But she was getting awards before she ever even did that. The night I finished the book, I sat up writing until late in the night. I grieved when Ellie was diagnosed. I was angry for a while. At times, I am still upset. I am not upset for having Ellie, but I am upset with all of the trappings that come with having Ds. I am pissed every time we miss out on something because she has therapy or she has yet another specialist appointment.
At times I am frustrated when I do not understand what Ellie wants because she cannot talk and has trouble signing. Anyway, what I am saying is that I am a little further along than Kelle in my journey with Ds and I still doubt I could write a memoir. She has brought lots of attention to Down syndrome through her blog which I believe is good, but it appears that life is perfect.
There are no therapies, no heart conditions, etc mentioned in her blog. She has a great platform to make a difference, but has chosen not to use it. That is her choice, but I cannot help but be saddened by this. Anyway, I will probably read her book because I am curious about the woman behind the blog.
Through her blog and stunning photography, she has been thrust into the spot light of advocacy so yeas, I am curious.
She was invited and she accepted. Ask someone who is seasoned. Wow, you hit the nail on the head on so many levels. Thanks for sharing your thoughts. Get ready for the vitriol that is surely coming your way now! We need some loud advocates that want to really stand up for disability rights and disability pride instead of creating pity and condescension. This review made me smile. Tell it how it really is! I gave credit where credit is due but I absolutely agree with you on many points.
The one I will highlight here is the complete depression that set in. I did read the book. Let me start by saying that I like reading her blog. I thought the book was not inspirational.
I agree that two years into this journey is too short period of time to pretend to write a memoir. I think the book is more about her and her perfect life than about her life as a new mom of a girl with Ds.
Sometimes I wonder how did she get so far?! It amazes me! Thank you for writing this! Like you! Please, please write your review. Thank you for your honest and well written analysis of her book. Bravo, M! Thank you for writing how you really feel and not fearing the people who feel a need to put you down for just being honest in how you feel. You are a fantastic writer and this is an excellent, well thought out review. Oh my goodness, I love this post! And her pictures are lovely.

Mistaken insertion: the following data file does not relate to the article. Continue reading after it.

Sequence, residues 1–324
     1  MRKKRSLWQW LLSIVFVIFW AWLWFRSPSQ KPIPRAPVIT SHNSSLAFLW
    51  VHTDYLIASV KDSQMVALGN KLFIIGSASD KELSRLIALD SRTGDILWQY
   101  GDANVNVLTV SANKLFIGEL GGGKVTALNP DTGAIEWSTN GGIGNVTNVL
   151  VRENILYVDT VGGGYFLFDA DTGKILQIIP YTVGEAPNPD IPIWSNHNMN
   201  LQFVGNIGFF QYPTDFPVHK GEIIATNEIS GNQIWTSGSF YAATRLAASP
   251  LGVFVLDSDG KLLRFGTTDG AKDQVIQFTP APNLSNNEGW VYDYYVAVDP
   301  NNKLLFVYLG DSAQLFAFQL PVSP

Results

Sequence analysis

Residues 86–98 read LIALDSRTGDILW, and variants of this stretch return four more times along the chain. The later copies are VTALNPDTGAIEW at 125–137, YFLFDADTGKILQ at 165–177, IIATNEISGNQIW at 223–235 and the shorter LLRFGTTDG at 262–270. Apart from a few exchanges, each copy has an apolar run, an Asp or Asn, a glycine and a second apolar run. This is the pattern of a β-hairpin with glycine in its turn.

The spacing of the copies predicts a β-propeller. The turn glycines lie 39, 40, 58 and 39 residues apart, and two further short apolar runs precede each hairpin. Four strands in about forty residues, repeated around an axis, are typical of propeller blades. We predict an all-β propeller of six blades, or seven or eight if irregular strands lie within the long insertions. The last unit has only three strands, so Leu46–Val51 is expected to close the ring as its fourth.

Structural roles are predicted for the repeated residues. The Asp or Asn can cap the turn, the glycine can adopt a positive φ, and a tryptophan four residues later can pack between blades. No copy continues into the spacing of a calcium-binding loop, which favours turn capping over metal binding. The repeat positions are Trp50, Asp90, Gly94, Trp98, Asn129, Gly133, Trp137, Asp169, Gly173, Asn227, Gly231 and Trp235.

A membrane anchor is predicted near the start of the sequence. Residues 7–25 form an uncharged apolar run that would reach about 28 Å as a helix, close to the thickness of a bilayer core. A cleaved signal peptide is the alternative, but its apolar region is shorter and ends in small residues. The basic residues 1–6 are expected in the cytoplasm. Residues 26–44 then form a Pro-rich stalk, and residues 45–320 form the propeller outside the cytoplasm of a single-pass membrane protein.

But her life just often seems so superficial to me—all about having a Martha Stewart-perfect party and having everything just so. I had my baby son 21 weeks ago and found out in the delivery room that he has Down syndrome. Most strikingly, the fact that she wanted to run away from her baby upon learning of her diagnosis.
That was just completely foreign to me. And in reading Bloom, I learned about how she consistently leaned on her friends for support during that traumatic time.
That, too, was strange to me.
Bloom, by Kelle Hampton
I had arrived in a comfortable place with my feelings regarding Kelle Hampton. Happy that she had toned down the seemingly endless tea-parties on her popular blog, Enjoying the Small Things , and had turned some attention to Down syndrome. It was a nice spot, that comfortable spot. It was warm and friendly and I rather liked tapping in to her blog from time to time to see what was new.
BLOOM: Finding Beauty in the Unexpected
It was two days before Lainey's first birthday when Brett finally gave in and agreed that we could try for another baby. I had longed for one since the day Lainey grew out of the light blue cotton sleeper with the pink strawberries on it that I associated with every ounce of newborn-ness she possessed. And at that party, as we watched our little girl blow out her candle and smear white frosting all over her cheeks in celebration of that first astounding year of life, I was comforted by the fact that the sadness I felt surrounding her getting older would soon be replaced by the joy of knowing another "little" was on the way. But it didn't happen. I had gotten pregnant with Lainey within two months, so by the fourth month of trying for my second baby, I grew impatient.